Terri Libenson: Writing Books Through A ‘Kid Lens’
Terri Libenson is the creator of the syndicated comic strip The Pajama Diaries (the complete collection consists of The Pajama Diaries: Déjà To-Do!, The Pajama Diaries: Having It All…and No Time To Do It, and The Pajama Diaries: Bat-Zilla) as well as the author and illustrator of the middle-grade graphic novel series Emmie & Friends published by HarperCollins, the newest of which is Remarkably Ruby. For a while, she was writing both the comic strip and the graphic novels simultaneously, so we asked her a little bit about the similarities and differences between the two.
“Serious or sensitive subjects are always leavened with humor,” she said. “Also, they’re both pretty autobiographical. Unlike the strip, where I used my adult viewpoint…I’ll write the books using my ‘kid lens.’ For example, although I don’t remember what I did on a typical day when I was twelve, I still remember many of the feelings I had (especially as an insecure, artistic kid). I also remember my friends’ personalities at that age, which helps. The major difference is that the comic strip was so short—just three or four panels. It was hard at first to switch gears and go into ‘long form’ story mode. But now that I’ve gotten in the groove, I find it pretty freeing.”
She also said she was “both sad and relieved” to transition from writing both the comic strip and the books to just the books. “Sad because it was hard to let go of something I loved for so long. But I knew it was time…I was already getting antsy to start my next chapter—no pun intended. It was a relief simply because it was getting so hard to do both the strip and the books. It’s funny, though: once I retired Pajama Diaries, I unintentionally started writing longer books. I guess I needed to fill the void a little!” With six books now in the Emmie & Friends series, it looks like she’s done a pretty good job.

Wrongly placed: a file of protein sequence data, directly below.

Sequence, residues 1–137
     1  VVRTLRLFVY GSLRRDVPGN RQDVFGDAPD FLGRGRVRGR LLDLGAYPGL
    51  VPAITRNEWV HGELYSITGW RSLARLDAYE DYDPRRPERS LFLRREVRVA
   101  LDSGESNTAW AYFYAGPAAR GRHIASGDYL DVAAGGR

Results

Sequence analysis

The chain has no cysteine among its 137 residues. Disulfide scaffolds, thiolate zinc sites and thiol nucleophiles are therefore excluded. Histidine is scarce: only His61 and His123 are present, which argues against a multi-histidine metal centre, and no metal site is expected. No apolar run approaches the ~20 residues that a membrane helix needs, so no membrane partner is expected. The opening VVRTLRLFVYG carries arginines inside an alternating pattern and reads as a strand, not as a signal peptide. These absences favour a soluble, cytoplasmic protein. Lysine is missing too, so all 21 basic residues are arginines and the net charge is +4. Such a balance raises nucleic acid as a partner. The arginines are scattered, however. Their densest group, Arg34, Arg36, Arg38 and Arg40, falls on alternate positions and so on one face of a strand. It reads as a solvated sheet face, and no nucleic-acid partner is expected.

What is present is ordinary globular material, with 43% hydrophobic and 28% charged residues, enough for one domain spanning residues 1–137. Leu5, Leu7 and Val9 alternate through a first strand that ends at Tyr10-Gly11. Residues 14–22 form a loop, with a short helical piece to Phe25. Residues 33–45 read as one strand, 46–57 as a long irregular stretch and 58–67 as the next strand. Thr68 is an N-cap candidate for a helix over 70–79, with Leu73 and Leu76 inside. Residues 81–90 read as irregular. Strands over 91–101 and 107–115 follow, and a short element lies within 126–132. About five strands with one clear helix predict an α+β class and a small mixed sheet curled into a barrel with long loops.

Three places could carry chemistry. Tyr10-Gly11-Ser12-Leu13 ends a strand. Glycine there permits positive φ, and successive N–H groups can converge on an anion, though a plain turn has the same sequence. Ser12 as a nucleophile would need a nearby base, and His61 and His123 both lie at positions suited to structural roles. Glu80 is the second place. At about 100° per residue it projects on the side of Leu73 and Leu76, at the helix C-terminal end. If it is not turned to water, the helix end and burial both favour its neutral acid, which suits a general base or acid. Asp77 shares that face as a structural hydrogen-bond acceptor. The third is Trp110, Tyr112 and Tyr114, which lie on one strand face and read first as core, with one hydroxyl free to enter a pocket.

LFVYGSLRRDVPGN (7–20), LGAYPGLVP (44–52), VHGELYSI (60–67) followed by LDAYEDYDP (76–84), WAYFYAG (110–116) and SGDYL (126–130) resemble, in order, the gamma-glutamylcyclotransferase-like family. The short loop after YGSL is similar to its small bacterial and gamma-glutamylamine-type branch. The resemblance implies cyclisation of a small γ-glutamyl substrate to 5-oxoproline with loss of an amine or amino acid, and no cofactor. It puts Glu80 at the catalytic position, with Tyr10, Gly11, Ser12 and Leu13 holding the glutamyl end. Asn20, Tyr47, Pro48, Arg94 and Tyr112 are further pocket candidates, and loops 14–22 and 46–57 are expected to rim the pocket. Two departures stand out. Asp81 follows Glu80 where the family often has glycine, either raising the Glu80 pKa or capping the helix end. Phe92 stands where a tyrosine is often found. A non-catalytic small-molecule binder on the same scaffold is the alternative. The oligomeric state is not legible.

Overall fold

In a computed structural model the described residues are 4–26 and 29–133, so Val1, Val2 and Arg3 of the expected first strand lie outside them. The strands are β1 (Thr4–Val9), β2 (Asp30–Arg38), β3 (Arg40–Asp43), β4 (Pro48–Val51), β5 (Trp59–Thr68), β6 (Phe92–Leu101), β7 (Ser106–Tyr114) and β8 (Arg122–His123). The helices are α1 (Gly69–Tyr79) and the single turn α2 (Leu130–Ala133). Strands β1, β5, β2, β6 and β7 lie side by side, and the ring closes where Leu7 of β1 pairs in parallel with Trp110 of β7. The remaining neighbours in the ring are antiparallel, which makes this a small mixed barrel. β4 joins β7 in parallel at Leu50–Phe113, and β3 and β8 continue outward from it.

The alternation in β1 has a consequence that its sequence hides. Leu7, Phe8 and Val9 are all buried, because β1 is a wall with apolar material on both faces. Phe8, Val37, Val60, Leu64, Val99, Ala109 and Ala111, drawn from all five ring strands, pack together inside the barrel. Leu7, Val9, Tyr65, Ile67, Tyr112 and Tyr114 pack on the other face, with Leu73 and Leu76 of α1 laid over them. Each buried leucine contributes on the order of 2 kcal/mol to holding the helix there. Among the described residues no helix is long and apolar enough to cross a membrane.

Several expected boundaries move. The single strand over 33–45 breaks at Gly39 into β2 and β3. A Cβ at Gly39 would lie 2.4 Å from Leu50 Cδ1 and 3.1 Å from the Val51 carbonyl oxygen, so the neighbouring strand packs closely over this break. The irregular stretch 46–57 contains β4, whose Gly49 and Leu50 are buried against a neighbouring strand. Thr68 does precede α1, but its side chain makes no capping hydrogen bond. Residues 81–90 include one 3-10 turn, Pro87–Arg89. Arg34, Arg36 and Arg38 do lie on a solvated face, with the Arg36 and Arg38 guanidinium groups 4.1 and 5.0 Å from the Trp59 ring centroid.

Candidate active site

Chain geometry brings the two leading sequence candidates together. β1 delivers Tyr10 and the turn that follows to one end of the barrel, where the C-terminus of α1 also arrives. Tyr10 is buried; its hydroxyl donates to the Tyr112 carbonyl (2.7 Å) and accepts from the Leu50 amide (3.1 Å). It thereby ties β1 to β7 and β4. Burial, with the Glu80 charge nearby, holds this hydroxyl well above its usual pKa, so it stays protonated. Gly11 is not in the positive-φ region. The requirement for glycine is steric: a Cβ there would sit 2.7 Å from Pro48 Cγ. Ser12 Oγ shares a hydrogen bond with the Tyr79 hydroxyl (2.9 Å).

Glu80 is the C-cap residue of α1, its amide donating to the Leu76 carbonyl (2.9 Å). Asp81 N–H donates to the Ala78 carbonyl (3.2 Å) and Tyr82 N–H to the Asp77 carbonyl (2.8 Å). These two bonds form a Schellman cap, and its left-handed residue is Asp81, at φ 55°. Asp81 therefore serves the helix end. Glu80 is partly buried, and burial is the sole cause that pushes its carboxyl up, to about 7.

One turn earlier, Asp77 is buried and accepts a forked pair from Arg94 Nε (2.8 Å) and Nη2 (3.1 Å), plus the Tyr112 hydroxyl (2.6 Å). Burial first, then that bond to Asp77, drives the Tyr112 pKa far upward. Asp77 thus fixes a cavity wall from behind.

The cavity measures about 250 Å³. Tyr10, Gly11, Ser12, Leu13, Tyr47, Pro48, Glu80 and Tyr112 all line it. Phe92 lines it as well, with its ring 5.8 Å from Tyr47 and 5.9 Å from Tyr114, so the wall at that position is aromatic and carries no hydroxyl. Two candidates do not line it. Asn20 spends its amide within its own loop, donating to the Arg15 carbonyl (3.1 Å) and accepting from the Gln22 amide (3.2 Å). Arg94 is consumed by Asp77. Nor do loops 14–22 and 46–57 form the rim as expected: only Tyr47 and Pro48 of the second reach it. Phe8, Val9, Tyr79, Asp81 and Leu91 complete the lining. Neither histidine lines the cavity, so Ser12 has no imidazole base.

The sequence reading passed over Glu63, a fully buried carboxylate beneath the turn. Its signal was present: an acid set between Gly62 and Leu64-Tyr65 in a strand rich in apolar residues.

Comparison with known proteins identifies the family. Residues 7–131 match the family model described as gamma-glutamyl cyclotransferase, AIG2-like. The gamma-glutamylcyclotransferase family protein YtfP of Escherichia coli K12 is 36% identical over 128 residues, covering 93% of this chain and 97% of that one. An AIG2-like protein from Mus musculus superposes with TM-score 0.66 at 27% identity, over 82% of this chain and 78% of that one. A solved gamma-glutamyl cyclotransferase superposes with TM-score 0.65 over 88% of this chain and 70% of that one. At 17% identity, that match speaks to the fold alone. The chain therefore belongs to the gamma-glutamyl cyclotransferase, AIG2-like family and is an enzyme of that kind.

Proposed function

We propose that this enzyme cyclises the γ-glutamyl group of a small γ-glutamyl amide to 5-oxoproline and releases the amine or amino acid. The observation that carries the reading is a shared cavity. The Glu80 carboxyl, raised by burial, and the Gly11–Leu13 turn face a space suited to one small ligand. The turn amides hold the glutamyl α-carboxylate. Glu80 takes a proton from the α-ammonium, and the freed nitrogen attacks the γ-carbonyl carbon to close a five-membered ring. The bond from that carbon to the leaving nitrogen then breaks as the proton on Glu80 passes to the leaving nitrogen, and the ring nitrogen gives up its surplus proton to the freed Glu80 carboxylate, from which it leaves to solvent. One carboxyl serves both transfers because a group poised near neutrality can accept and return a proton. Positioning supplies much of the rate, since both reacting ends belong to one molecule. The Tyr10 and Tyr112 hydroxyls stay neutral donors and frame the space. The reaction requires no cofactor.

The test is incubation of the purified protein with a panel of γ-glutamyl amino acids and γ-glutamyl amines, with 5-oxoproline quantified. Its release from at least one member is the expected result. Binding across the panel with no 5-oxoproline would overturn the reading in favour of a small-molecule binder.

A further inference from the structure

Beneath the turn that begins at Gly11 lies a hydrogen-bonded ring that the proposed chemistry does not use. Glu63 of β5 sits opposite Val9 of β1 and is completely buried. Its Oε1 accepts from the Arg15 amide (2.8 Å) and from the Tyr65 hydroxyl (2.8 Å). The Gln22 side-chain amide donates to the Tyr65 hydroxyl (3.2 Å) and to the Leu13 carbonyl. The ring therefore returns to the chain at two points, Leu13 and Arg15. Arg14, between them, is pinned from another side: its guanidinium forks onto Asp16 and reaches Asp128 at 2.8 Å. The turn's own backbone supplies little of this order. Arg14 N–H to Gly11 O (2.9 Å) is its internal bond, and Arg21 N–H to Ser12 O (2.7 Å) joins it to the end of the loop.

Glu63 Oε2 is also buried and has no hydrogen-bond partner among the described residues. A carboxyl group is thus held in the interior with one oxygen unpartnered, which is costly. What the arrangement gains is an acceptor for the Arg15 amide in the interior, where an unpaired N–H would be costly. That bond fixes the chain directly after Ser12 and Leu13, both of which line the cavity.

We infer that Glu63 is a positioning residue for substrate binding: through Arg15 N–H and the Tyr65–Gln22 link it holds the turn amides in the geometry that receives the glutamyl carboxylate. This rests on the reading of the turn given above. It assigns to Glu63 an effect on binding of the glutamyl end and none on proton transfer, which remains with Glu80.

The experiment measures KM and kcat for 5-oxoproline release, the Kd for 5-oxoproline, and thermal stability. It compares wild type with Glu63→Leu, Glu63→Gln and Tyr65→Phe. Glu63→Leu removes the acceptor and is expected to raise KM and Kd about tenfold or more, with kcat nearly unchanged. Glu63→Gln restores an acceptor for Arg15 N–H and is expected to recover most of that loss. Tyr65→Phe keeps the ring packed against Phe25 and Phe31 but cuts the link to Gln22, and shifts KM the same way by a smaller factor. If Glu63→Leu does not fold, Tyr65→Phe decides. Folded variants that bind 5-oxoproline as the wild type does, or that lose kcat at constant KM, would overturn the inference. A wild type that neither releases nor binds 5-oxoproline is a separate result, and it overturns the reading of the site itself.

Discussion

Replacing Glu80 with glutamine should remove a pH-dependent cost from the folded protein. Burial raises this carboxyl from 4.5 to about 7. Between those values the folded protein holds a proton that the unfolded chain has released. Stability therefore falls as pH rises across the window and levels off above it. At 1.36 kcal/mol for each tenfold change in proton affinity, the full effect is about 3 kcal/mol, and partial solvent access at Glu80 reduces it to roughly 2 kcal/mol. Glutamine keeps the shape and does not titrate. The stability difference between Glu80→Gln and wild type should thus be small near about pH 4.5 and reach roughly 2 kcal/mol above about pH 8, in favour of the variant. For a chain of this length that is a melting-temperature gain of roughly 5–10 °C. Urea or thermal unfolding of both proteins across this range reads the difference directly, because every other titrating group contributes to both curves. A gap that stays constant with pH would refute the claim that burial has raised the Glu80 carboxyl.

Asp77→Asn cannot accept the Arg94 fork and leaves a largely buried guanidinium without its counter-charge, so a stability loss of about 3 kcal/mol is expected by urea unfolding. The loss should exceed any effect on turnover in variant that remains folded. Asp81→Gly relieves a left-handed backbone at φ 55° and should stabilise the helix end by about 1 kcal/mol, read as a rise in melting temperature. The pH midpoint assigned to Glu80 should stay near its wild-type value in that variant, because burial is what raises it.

But as an author who went from an adult writing for an adult audience to an adult writing for a middle-grade audience, there were bound to be difficulties, even writing through her “kid lens.” Her greatest challenge, she said, was “fleshing out new main characters (often two per book!) while making sure their distinct personalities and stories resonate with middle-grade readers. At the same time, that’s also what I love about writing them. It keeps it so fresh and interesting.”
The Emmie & Friends series is going strong, and Libenson said “there will be another book after [Remarkably Ruby] and hopefully more down the road. I absolutely love writing and illustrating these books.” Outside of the series, Libenson says that she’s “been starting projects here and there…but I haven’t had much time to finish anything yet.” Whatever comes next from this author, there’s a good bet it will be just as good as everything else.
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